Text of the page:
David Bourget (Western Ontario)
David Chalmers (ANU, NYU)
Rafael De Clercq
Ezio Di Nucci
Jonathan Jenkins Ichikawa
Jack Alan Reynolds
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In S. French & J. Saatsi (eds.), Continuum Companion to the Philosophy of Science. Continuum Press (2011)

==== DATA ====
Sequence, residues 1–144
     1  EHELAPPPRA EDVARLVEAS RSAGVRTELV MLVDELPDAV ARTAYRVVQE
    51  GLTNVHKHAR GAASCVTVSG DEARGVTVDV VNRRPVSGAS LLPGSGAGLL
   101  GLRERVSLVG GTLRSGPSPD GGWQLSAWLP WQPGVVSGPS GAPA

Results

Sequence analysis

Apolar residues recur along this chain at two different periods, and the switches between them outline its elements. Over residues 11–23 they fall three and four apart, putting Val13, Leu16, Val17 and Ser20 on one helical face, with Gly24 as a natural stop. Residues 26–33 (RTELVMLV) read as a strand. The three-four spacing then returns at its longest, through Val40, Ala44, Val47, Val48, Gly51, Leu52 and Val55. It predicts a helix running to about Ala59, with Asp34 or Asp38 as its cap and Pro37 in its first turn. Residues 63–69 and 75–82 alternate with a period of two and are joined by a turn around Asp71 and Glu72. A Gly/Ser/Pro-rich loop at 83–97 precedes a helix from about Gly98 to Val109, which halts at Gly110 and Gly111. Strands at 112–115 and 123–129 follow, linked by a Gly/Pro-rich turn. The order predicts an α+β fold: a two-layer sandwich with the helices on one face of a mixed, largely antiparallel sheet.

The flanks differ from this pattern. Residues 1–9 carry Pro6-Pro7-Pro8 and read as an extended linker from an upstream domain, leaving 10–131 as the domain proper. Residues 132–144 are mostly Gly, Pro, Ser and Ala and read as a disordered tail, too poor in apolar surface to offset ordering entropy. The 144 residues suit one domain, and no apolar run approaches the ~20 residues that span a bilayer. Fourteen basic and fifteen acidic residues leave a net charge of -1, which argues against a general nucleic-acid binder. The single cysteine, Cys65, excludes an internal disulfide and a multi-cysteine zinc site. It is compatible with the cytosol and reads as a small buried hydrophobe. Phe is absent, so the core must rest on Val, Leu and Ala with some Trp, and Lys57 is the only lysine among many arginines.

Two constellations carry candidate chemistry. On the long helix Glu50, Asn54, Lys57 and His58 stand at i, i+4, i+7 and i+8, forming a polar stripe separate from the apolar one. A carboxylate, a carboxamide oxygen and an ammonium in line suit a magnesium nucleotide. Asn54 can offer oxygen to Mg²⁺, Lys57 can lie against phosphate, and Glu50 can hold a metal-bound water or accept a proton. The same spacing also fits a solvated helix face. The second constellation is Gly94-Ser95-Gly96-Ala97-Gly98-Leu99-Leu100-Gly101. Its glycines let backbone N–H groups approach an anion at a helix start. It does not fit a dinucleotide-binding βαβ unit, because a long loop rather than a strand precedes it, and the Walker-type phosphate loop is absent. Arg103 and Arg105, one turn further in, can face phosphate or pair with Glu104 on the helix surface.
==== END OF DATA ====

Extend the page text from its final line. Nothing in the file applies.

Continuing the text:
Scientiﬁ c theories and hypotheses make claims that go well beyond what we can immediately observe. How can we come to know whether such claims are true? The obvious approach is to see what a hypothesis says about the observationally accessible parts of the world. If it gets that wrong, then it must be false; if it gets that right, then it may have some claim to being true. Any sensible a empt to construct a logic that captures how we may come to reasonably believe the falsehood or truth of scientiﬁ c hypotheses must be built on this idea. Philosophers refer to such logics as logics of conﬁ rmation or as conﬁ rmation theories
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